Large breasts may be cosmetically desirable for some women, but they often result in unwanted side effects, such as chronic neck, back and shoulder pain, poor posture, or a skin rash below and between the breasts. Many large-breasted women develop deep grooves on their shoulders from bra straps. Physical activities may be restricted, and fitting and wearing comfortable clothes may be difficult. For women dissatisfied with these side effects, breast reduction can be the answer.
Breast reduction surgery can be conducted on an inpatient or outpatient basis. General anesthesia is most commonly used. The surgeon makes an anchor-shaped incision around the areola, vertically from the areola to the natural crease below the breast, and horizontally across the crease below the breast. Excess skin, fat and breast tissue is removed to reach the desired size. Sutures are used to close the incision. If the reduction is dramatic, the areola may need to be removed and repositioned on the breast. The surgery generally lasts about 3 hours.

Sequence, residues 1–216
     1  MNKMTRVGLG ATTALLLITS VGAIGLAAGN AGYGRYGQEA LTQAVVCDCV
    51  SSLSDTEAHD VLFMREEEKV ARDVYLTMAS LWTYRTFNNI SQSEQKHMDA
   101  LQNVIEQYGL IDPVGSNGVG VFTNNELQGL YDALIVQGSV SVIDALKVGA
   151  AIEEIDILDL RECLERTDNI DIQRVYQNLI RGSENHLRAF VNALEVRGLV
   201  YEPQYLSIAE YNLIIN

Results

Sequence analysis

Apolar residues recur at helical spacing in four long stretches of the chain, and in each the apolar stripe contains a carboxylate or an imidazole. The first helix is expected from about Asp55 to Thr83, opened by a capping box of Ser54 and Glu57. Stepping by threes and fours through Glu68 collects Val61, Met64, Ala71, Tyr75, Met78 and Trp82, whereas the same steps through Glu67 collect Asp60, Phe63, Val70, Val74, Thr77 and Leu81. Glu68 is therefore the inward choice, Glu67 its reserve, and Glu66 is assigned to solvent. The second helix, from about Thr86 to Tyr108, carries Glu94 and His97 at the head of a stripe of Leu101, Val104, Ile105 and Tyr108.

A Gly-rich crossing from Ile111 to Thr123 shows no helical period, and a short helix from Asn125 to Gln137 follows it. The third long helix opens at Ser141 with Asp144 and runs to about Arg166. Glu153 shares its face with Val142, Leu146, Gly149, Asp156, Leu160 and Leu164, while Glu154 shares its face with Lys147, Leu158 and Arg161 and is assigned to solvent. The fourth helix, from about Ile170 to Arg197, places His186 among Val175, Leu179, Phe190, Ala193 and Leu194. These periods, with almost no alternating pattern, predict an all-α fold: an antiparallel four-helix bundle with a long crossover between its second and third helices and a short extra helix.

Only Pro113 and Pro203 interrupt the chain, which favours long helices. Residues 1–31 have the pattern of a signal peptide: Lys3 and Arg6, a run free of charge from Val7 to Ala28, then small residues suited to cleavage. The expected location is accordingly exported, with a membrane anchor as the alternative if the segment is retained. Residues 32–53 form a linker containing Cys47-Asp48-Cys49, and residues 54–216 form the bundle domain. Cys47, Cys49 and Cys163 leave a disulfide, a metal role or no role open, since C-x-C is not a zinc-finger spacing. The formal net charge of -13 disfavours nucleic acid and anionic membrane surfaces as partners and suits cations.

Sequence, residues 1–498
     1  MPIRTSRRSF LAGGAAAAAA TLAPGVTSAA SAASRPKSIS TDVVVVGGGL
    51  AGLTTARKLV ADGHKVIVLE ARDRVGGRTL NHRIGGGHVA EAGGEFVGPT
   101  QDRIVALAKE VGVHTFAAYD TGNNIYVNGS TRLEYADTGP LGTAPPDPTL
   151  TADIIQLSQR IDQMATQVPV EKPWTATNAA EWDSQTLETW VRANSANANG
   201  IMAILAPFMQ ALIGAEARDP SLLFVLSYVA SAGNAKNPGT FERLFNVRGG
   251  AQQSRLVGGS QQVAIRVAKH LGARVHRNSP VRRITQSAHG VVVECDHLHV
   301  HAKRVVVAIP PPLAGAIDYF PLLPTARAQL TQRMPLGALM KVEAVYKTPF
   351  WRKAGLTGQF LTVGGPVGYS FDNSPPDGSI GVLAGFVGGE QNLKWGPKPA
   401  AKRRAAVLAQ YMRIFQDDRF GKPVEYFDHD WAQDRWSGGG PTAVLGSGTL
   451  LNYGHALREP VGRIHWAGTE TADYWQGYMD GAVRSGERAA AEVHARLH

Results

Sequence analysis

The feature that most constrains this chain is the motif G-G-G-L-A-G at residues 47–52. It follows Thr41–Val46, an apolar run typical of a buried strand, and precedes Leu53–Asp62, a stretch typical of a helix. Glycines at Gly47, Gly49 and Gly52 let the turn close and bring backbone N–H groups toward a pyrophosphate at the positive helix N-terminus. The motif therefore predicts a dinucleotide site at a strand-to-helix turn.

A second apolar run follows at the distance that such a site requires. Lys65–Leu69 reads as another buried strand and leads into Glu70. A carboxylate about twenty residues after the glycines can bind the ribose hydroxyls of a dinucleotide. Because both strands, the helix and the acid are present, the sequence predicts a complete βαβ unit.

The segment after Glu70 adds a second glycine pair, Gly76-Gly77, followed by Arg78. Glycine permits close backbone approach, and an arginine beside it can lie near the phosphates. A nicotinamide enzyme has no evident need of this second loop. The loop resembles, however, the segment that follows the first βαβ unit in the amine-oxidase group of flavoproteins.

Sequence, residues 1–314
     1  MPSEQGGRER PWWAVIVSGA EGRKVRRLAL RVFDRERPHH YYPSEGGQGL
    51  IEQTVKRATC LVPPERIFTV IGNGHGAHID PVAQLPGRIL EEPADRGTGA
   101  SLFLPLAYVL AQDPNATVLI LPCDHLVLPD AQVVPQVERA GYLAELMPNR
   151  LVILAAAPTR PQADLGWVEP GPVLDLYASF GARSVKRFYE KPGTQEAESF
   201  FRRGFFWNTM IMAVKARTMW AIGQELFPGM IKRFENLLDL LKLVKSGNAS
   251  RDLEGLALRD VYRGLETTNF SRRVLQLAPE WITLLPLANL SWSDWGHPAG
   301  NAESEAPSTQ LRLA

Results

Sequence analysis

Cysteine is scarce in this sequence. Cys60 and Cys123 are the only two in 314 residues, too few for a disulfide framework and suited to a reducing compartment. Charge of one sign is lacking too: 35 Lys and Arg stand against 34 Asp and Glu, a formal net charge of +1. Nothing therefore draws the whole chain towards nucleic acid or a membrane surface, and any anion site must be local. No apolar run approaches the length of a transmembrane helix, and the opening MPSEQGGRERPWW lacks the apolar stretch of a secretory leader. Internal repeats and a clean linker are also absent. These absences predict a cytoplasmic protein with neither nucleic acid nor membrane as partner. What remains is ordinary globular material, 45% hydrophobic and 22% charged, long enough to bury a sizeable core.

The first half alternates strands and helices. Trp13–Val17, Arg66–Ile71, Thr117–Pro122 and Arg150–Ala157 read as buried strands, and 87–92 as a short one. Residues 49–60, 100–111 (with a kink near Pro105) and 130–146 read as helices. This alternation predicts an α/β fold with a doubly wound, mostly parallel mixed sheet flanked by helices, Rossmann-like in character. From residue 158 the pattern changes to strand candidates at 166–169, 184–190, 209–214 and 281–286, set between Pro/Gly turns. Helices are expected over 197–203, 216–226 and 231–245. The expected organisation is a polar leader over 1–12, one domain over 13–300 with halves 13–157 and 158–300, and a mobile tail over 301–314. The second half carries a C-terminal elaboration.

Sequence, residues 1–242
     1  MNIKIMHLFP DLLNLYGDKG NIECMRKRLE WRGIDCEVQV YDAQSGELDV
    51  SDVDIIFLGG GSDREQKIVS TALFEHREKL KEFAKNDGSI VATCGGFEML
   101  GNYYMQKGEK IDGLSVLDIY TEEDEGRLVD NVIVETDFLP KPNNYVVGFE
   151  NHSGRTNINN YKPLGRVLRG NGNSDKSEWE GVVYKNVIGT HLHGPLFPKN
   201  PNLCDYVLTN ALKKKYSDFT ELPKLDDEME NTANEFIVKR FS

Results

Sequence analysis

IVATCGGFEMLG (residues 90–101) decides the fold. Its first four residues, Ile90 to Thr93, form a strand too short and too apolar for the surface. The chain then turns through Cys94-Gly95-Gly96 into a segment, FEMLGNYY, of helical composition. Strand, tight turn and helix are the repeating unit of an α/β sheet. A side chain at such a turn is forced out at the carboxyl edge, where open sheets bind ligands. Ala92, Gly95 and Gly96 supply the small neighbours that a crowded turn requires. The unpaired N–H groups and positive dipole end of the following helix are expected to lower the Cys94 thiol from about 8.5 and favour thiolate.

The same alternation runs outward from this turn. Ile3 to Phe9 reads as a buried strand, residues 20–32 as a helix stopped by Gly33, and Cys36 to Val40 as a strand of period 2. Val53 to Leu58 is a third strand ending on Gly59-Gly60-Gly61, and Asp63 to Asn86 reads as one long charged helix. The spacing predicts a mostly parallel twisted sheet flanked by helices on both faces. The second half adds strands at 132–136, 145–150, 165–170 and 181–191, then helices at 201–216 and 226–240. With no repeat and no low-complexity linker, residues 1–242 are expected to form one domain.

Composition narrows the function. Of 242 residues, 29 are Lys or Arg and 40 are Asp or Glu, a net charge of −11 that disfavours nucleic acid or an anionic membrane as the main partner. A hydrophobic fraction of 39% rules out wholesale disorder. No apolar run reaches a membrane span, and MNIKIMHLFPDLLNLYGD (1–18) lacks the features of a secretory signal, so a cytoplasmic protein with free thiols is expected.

Drainage tubes may be inserted in the breasts to help remove excess liquid the first day or two after the surgery. A dressing will also cover the area. Swelling, bruising and sensitivity are normal the first few weeks and will dissipate over time. Generally, sutures are removed in 7 to 10 days and patients return to work within 2 to 3 weeks. However, no heavy lifting or strenuous activity is permitted for 4 to 6 weeks.